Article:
“My parents took out loans to pay for my college education and I feel guilty that they’re still paying them back. How can I help?”
I’m with you. When I got paltry scholarship aid from my dream school, my parents and I took out loan after loan. Throughout college, I don’t think I fully understood that the many thousands of dollars I borrowed were real money. And my parents wanted to do whatever they could to support me. When I realized how much my education actually cost — after I graduated — my throat nearly closed up.
Our dear parents are often taking on significant debt at a time when they should be paying off mortgages, filling retirement accounts and booking bucket-list vacations. And with college costs rising, more of them are doing it. Just 4 percent of undergraduates’ parents took out federal parent loans, known as PLUS loans, in 1989-90; by 2011-12, nearly 20 percent had, according to the most recent data from the National Center for Education Statistics.
You can help your parents live a little easier — and soothe your conscience — by looking into payment-reduction options or repaying their loans yourself. In certain situations, refinancing the loans in your name is also feasible.
PLUS loans in particular can be difficult to repay. They have higher interest rates than other federal loans and don’t have the same limits on the amount you can borrow. Parents can borrow up to the cost of attendance — which includes tuition and also room, board, books and transportation — after subtracting other financial aid.
“I think they’ve become an easy package filler for these financial aid packages, because this loan is easier to get than a loan in the private market for parents,” says Rachel Fishman, deputy director for higher education policy research at New America, a nonpartisan think tank.
Federal parent loans also come with fewer repayment options than student loans. But your parents can put one or more PLUS loans through the process of federal student loan consolidation. This option turns PLUS loans into a direct consolidation loan, and it could stretch out the repayment timeline and lower monthly payments, Fishman says.
Consolidating PLUS loans also qualifies them for income-contingent repayment, which decreases parents’ bills to whichever is less — 20 percent of discretionary income or the amount they would pay over 12 years. This is a particularly good choice if your parents work for the government or a 501(c)(3) nonprofit. If they do, they can repay the loan on income-contingent repayment for 10 years, then get the remaining balance forgiven through the Public Service Loan Forgiveness Program.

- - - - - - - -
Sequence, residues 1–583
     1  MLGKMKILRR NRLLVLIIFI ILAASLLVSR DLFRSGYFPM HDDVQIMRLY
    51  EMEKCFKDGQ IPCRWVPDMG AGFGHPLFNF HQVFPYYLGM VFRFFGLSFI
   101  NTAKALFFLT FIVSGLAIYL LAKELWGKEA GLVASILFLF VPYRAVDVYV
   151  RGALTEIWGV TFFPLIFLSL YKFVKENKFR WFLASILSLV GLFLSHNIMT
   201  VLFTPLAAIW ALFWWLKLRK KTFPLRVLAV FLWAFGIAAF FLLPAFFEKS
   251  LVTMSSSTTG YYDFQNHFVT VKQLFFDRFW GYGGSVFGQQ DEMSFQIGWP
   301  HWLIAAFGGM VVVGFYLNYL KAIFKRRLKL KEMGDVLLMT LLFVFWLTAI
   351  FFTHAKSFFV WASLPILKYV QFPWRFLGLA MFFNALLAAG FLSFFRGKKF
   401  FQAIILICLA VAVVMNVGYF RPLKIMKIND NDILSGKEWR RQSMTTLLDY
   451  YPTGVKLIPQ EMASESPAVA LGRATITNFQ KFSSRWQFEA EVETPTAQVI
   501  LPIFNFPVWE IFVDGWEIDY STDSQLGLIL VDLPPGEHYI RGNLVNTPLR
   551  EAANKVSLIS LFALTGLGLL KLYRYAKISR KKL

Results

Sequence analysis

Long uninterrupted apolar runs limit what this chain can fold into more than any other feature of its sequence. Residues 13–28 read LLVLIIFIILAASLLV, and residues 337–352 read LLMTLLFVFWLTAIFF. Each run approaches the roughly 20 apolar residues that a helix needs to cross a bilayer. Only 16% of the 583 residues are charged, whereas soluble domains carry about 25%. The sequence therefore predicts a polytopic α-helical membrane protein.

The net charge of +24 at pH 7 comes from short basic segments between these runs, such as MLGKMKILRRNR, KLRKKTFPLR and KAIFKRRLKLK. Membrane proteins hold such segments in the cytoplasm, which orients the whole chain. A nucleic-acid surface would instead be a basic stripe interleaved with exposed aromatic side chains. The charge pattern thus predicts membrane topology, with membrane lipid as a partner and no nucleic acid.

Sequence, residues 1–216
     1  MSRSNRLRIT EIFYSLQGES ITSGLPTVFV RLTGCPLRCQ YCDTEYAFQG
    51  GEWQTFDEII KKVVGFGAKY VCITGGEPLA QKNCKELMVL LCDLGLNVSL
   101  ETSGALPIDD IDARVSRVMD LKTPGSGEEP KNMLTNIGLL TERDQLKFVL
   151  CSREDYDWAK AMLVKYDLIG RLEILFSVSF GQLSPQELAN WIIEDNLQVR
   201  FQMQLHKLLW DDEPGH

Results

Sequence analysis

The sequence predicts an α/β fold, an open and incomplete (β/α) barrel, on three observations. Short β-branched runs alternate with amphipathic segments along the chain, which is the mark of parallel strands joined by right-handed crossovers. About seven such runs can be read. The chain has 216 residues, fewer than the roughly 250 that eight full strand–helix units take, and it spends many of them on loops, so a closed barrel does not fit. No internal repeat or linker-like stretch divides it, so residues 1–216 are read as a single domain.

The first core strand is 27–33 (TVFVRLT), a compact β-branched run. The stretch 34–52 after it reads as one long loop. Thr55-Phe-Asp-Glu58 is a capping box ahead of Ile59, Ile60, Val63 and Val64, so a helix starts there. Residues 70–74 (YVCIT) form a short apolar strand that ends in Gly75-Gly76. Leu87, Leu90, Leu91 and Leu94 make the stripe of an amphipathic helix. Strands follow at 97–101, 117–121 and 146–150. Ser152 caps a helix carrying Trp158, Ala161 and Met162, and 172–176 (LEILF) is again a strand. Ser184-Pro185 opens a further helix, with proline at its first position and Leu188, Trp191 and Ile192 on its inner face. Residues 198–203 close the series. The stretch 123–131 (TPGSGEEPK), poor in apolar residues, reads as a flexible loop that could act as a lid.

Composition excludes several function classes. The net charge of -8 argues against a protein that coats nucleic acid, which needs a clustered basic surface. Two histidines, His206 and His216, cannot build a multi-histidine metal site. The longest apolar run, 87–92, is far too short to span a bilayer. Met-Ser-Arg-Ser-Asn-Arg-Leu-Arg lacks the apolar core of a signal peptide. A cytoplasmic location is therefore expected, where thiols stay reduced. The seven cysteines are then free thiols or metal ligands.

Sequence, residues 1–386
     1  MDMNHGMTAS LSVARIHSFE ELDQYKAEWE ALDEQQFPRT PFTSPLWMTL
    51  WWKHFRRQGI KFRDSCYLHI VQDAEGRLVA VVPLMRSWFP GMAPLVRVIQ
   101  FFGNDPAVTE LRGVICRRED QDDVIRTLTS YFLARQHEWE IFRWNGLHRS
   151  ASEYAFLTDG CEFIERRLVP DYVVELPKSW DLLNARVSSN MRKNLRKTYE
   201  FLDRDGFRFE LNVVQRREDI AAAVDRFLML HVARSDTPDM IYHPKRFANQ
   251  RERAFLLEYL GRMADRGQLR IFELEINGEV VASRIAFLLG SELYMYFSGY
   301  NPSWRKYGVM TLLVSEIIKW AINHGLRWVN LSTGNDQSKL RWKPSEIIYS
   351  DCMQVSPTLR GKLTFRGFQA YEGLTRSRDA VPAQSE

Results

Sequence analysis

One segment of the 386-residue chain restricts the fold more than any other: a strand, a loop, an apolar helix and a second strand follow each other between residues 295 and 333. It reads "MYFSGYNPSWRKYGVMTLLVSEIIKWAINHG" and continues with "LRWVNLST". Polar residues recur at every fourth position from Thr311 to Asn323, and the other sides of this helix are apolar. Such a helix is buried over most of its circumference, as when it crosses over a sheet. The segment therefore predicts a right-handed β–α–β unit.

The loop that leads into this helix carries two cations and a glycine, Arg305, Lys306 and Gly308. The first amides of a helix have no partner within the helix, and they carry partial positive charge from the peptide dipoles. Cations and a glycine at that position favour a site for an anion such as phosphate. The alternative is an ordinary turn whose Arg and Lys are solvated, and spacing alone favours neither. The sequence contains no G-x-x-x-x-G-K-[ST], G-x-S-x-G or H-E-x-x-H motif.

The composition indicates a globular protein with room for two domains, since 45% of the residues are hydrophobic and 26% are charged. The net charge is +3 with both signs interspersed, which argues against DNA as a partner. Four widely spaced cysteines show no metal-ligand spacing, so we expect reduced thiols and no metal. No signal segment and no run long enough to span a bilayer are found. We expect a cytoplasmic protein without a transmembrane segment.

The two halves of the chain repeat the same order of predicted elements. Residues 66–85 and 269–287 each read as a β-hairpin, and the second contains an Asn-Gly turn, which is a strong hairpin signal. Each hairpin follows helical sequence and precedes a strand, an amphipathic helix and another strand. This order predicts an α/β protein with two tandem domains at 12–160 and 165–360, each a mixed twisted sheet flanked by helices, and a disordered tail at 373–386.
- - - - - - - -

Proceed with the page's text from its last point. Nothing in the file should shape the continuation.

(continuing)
You can step in to help your parents consolidate their loans and sign up for income-contingent repayment at studentloans.gov.
Unfortunately, a parent’s federal PLUS loan can’t be reassigned to the student, says Megan Coval, vice president of policy and federal relations at the National Association of Student Financial Aid Administrators. But if you can make room in your budget, consider transferring money to your parents’ bank account each month to lighten their load during repayment.
If your parents are paying off a private loan they co-signed for you, ask the lender about co-signer release, says Whitney Barkley-Denney, senior policy counsel at the Center for Responsible Lending. That means only you will be legally responsible for repaying the loan. Sallie Mae, for example, allows borrowers who meet credit requirements to apply to release a co-signer after 12 on-time payments post-graduation.
Student loan refinancing is when a lender pays off your current loans and replaces them with a new, lower-interest private loan. Some of these lenders allow you to refinance parent loans with your own student loans, which results in a single new loan. But the requirements to do so can be a barrier for many; generally, you’ll need solid income from a full-time job and a credit score in at least the high 600s.
This process also means losing access to federal loan protections — including Public Service Loan Forgiveness and repayment plans based on your income — since the refinanced loan turns private.
“I would be very cautious about doing that and only in very, very select situations,” Fishman says.
Fishman recommends that you confirm your income isn’t likely to change in the near future, and that you or your parents can’t take advantage of Public Service Loan Forgiveness, before refinancing.
This article was written by NerdWallet and was originally published by The Associated Press.